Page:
It's no secret the cable industry hates the idea of reclassifying the internet as a utility, a favored option for those who want to preserve net neutrality. In a bid to make you hate the idea, too, the industry has taken out a series of print and online banner ads that try to paint the idea as old fashioned and one that the government is poised to screw up.
The ads are showing up on sites like Politico, and are set to show up in print at some point, too, according to the National Cable and Telecommunications Association.
We've seen this before, of course. Earlier this year, we posted images of postcards that Comcast and AT&T sent to people who were set to vote on whether or not to build a municipal fiber network to compete with the internet service providers. What's surprising here is that the same scare tactic that worked a decade ago might work again.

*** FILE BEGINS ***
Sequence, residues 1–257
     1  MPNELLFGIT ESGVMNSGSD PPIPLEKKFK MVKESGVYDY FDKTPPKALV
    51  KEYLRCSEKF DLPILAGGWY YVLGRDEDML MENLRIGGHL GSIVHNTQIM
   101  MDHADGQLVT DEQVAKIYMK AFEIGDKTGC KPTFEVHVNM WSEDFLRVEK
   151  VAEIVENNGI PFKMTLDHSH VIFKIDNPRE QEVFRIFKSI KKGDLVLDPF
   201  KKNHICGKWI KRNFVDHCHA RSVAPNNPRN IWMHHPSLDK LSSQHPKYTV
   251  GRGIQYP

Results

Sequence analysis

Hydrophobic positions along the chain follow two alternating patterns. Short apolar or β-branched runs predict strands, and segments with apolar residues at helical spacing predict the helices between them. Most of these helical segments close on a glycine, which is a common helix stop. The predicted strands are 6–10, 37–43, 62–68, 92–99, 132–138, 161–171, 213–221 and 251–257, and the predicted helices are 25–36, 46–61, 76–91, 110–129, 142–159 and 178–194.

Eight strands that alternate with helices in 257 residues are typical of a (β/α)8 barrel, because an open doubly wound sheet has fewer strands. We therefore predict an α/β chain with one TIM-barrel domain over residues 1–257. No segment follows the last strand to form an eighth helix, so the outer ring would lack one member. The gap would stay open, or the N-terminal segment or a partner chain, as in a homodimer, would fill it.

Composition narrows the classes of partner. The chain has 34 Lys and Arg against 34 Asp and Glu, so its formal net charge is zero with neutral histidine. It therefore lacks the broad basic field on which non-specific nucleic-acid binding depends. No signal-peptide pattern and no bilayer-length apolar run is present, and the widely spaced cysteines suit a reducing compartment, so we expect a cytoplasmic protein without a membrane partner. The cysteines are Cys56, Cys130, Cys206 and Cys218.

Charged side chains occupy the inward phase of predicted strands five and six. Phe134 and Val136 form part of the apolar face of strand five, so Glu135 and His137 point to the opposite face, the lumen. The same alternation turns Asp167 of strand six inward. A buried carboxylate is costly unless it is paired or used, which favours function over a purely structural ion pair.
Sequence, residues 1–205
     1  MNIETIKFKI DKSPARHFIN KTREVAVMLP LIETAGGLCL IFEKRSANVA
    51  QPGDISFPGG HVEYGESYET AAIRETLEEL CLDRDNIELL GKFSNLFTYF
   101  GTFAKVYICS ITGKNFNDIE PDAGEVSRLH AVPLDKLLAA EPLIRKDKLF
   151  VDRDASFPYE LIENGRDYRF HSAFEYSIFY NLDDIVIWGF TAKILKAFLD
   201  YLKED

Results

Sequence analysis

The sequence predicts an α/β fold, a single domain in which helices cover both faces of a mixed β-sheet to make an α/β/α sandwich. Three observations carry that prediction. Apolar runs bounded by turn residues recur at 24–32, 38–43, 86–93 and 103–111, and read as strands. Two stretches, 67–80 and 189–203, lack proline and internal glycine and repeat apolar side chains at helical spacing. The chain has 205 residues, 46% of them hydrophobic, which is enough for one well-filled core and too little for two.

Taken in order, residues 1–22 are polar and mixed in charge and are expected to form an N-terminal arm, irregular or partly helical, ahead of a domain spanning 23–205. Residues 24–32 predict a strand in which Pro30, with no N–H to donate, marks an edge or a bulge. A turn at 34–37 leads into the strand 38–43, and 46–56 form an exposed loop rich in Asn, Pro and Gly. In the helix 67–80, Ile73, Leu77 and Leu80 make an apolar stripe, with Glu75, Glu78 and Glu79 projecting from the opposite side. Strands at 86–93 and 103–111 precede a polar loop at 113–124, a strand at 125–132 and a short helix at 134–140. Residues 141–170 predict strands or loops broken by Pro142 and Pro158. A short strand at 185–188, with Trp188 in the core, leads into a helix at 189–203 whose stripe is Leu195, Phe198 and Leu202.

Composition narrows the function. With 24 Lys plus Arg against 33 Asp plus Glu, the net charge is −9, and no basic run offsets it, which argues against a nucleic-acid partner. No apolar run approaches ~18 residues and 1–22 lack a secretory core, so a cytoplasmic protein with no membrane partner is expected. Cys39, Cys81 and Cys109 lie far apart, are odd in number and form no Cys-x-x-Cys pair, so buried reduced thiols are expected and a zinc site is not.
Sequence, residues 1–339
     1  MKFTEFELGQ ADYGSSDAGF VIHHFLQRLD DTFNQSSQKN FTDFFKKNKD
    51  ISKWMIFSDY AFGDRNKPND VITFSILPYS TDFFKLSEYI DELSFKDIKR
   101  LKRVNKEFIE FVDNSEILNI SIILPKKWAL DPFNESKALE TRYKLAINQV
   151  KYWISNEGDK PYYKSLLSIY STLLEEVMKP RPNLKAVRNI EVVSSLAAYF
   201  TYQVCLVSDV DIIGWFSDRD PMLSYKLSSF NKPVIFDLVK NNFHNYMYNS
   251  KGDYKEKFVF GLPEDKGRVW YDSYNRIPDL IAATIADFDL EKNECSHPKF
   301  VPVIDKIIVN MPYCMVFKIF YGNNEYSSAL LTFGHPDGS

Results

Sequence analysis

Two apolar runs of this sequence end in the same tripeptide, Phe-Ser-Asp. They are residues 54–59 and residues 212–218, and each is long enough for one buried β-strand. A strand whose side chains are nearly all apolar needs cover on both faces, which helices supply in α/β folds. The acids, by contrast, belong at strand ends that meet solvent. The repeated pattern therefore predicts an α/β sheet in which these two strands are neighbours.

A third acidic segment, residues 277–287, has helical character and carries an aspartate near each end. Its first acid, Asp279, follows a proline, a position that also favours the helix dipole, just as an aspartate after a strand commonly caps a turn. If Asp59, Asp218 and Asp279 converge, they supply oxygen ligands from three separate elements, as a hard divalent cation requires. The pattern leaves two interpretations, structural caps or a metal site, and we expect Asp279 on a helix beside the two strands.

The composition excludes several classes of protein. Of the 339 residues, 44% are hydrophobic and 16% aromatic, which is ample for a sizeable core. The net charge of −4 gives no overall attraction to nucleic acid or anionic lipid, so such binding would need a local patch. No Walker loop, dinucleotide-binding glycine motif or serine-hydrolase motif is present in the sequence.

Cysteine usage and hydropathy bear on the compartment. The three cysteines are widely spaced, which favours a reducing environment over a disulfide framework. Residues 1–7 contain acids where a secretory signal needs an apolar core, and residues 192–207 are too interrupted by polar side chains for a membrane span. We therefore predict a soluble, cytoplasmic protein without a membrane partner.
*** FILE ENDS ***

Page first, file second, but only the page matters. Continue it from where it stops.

Here are the three ads the NCTA is running:
The NCTA's ads (and the website where they redirect to) are notable simply because they feature lots of promises and threats with little in the way of actual facts. Take this, for instance:
Nowhere on the site (at least not that I can tell) does anyone from the NCTA (which represents most of the largest ISPs) explain how, exactly, classifying the internet as a common carrier would lead to those dire predictions. "Because we say so" is not an answer, and graphs that massage the numbers or that tout the absolute highest speeds someone, somewhere in the United States can get miss the point of the problem.
"The goal of our ads is to issue a reality check about what public utility regulation of the Internet really means for consumers and the Internet's future, highlighting how rules written in the 1930s are completely ill suited for today's modern broadband networks," Brian Dietz, a spokesperson for the NCTA, told me in an email. "The phrase 'net neutrality' has been twisted in so many different directions that its important to highlight what the true impact of treating the Internet like a public utility will mean."
But, like I said, simply saying that rules written in the 1930s aren't fit for technology today doesn't do that. Blindly throwing out outcomes, and doing it in such a way that underestimates your customers' intelligence, without offering up any sort of evidence or support is weak. And, as we've seen before, it's sadly typical.